1. Faster loading
If you haven’t moved your mouse or touched the keyboard for 0.75 seconds (the content switch threshold) then Firefox enters a low frequency interrupt mode, which means its interface becomes less responsive but your page loads more quickly. Reducing the content switch threshold can improve performance, then, and it only takes a moment.
Type about:config and press [Enter], right-click in the window and select New > Integer. Type content.switch.threshold, click OK, enter 250000 (a quarter of a second) and click OK to finish.
2. No interruptions
You can take the last step even further by telling Firefox to ignore user interface events altogether until the current page has been downloaded. This is a little drastic as Firefox could remain unresponsive for quite some time, but try this and see how it works for you.
Type about:config, press [Enter], right-click in the window and select New > Boolean. Type content.interrupt.parsing, click OK, set the value to False and click OK.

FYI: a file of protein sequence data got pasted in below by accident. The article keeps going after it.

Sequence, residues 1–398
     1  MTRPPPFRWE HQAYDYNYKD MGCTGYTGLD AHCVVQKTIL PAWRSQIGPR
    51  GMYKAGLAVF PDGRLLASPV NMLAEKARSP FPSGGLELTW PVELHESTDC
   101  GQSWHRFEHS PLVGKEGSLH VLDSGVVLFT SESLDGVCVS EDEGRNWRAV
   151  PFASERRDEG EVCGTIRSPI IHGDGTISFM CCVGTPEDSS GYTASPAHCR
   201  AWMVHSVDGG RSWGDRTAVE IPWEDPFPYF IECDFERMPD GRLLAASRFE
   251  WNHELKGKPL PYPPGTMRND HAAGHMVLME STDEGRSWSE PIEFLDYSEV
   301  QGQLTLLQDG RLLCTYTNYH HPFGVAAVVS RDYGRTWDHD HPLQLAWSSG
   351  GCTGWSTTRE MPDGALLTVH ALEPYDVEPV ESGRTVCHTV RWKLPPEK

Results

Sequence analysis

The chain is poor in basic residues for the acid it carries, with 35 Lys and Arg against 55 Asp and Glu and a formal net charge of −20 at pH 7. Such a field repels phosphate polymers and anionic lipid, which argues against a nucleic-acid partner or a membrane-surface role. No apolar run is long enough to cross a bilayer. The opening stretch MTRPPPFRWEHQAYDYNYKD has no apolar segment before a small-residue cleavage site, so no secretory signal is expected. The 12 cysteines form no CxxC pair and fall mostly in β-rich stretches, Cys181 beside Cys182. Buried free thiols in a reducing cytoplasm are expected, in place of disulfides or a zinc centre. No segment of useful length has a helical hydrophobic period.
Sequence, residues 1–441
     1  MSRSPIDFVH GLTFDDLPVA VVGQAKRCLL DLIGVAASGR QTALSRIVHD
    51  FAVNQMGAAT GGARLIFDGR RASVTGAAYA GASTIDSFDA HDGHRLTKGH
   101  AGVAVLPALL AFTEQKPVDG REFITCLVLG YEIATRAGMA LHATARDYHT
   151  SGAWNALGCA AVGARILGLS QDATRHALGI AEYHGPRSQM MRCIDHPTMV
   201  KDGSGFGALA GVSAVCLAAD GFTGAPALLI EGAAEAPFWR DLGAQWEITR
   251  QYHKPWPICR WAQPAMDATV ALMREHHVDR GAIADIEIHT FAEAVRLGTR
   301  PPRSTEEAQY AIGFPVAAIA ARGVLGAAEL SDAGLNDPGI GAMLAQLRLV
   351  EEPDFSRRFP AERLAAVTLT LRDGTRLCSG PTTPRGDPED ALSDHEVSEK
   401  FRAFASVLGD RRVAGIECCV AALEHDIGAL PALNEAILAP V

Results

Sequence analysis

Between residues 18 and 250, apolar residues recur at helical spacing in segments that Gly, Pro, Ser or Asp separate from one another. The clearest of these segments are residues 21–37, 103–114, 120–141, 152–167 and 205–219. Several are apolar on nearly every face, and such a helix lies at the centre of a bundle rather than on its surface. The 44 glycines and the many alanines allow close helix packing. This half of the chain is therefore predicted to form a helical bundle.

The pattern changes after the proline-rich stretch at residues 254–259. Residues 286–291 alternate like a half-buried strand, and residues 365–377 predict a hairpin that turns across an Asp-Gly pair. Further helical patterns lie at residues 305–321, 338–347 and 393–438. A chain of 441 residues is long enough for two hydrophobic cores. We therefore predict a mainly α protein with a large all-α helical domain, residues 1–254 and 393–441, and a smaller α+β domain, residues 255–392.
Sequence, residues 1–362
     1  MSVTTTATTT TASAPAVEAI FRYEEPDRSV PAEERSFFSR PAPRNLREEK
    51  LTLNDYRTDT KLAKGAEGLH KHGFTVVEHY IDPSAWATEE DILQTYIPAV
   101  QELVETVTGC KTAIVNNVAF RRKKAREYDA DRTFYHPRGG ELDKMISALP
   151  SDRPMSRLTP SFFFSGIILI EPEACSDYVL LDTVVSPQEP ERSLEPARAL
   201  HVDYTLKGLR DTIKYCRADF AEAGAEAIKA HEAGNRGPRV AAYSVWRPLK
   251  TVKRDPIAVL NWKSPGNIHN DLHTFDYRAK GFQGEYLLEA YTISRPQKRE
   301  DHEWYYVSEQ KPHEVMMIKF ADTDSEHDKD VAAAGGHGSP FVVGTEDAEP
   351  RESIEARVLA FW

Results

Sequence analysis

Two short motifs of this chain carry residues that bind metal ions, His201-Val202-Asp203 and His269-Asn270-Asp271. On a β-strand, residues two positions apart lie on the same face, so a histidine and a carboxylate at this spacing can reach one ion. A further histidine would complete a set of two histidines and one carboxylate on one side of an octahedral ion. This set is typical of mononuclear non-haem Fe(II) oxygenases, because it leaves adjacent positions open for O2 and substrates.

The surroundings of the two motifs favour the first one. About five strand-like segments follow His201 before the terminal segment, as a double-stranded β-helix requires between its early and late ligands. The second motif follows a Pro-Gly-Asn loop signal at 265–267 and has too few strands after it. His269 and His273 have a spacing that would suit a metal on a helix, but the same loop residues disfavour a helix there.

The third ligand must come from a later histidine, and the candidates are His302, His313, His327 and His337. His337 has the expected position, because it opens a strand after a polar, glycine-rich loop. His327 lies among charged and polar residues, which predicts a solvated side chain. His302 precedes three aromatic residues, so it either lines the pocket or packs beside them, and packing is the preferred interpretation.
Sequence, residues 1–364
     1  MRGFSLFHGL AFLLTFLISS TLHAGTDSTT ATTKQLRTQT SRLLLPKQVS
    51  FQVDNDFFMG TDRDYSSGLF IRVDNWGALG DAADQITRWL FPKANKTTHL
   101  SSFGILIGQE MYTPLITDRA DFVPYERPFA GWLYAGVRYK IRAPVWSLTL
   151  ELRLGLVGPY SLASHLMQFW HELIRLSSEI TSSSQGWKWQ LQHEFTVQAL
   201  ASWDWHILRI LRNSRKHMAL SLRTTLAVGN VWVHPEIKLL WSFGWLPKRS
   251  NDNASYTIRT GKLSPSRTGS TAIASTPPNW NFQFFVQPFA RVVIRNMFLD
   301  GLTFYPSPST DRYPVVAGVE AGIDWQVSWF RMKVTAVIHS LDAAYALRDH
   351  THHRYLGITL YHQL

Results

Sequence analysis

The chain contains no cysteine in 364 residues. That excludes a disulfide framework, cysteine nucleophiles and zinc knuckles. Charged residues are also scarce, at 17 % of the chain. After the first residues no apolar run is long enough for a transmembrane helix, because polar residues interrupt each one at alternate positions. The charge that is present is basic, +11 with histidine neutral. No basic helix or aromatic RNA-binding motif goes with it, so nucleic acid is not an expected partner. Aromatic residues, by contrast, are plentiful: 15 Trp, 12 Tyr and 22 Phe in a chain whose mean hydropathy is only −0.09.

3. Block Flash
Intrusive Flash animations are everywhere, popping up over the content you actually want to read and slowing down your browsing. Fortunately there’s a very easy solution. Install the Flashblock extension () and it’ll block all Flash applets from loading, so web pages will display much more quickly. And if you discover some Flash content that isn’t entirely useless, just click its placeholder to download and view the applet as normal.
4. Increase the cache size
As you browse the web so Firefox stores site images and scripts in a local memory cache, where they can be speedily retrieved if you revisit the same page. If you have plenty of RAM (2 GB of more), leave Firefox running all the time and regularly return to pages then you can improve performance by increasing this cache size. Type about:config and press [Enter], then right-click anywhere in the window and select New > Integer. Type, click OK, enter 65536 and click OK, then restart your browser to get the new, larger cache.
5. Enable TraceMonkey